The metric system is hobbled by it's cumbersome 4 syllable terms.

Why people have such difficulty using both systems is a mystery to me. It's quite simple actually.

Here, I'll show you.
1 inch = 2.54 cm
1 foot = 12 inches
1 yard = 3 feet
The rest is simple arithmetic
BSD
2.4 / 5 (8) Jul 08, 2014
As far as English speaking countries go the U.S. is the largest so your claim that U.S. citizens are a minority group is false and they are simply catering to the largest market, which makes perfect business sense.


It's nothing to do with business sense, this is a science forum. Science is measured in SI. Your argument is nonsense.

There are many conversion apps for smart phones for people too ignorant or stupid to figure it out also.


There are also conversion apps for Americans too ignorant or stupid to learn Metric.

The metric system is hobbled by it's cumbersome 4 syllable terms.


What? So anything more than 3 syllables is beyond your comprehension?

Why people have such difficulty using both systems is a mystery to me. It's quite simple actually.


Why Americans can't cope with learning a system that every other country uses on the planet is a mystery to me. It's more politics isn't it?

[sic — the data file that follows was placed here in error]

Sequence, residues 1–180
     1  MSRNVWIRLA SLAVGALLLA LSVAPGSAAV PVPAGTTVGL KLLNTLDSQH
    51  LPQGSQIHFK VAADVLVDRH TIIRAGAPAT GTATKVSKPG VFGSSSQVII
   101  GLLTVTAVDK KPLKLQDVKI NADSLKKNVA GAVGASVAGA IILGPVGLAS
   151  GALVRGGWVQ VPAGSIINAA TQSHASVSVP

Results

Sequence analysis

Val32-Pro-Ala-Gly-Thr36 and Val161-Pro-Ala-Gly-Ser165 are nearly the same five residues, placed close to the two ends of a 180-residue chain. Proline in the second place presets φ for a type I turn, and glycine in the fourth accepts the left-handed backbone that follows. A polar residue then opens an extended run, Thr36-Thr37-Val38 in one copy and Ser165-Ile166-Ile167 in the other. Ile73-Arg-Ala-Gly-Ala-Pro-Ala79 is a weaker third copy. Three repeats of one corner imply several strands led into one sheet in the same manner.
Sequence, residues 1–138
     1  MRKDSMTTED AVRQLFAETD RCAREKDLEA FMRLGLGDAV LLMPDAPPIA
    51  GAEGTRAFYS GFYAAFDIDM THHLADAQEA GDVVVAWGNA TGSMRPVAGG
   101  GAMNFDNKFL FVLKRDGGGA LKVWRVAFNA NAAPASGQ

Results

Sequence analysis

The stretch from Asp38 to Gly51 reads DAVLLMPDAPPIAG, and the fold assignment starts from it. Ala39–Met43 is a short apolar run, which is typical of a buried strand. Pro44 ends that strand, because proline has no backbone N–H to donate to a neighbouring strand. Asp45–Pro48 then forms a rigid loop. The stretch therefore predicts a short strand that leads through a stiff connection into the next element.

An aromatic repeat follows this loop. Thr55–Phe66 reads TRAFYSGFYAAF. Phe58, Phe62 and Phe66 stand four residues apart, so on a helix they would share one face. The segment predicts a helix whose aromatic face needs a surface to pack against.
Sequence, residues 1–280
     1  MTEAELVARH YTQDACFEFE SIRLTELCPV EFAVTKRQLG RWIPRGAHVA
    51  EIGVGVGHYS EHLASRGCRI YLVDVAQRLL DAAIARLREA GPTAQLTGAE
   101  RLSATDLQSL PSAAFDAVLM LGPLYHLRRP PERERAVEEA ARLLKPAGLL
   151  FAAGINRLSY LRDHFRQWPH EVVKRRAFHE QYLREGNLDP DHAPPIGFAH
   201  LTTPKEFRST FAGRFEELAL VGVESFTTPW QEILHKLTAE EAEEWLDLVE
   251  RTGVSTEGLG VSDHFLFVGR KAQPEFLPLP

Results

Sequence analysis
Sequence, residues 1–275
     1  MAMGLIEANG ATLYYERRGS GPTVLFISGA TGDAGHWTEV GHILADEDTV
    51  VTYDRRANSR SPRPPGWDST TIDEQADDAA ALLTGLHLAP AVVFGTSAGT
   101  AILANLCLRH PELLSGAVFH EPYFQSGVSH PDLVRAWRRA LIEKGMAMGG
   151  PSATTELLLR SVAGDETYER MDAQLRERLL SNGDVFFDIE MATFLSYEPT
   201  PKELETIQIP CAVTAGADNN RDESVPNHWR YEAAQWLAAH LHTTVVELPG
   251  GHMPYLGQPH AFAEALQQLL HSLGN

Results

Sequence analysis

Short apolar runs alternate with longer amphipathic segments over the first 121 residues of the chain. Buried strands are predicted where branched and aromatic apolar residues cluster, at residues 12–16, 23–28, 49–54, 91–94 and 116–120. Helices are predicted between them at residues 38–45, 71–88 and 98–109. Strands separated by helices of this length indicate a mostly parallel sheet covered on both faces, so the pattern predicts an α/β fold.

Imperial is archaic, irrelevant nonsense I neither use or need.
BSD
2.8 / 5 (5) Jul 08, 2014
The metric system is hobbled by it's cumbersome 4 syllable terms.


The Imperial system is hobbled by arbitrary, nonsensical units.

The other joke is the decimalisation of Imperial. That makes a useless, pointless system even more so.
cjn
4.4 / 5 (7) Jul 08, 2014
The metric system is hobbled by it's cumbersome 4 syllable terms.


The Imperial system is hobbled by arbitrary, nonsensical units.

The other joke is the decimalisation of Imperial. That makes a useless, pointless system even more so.


I don't care either way, but lets not pretend that the metric system is any less arbitrary:
A meter equals "the length of the path traveled by light in vacuum during a time interval of 1/299,792,458 of a second."
rockwolf1000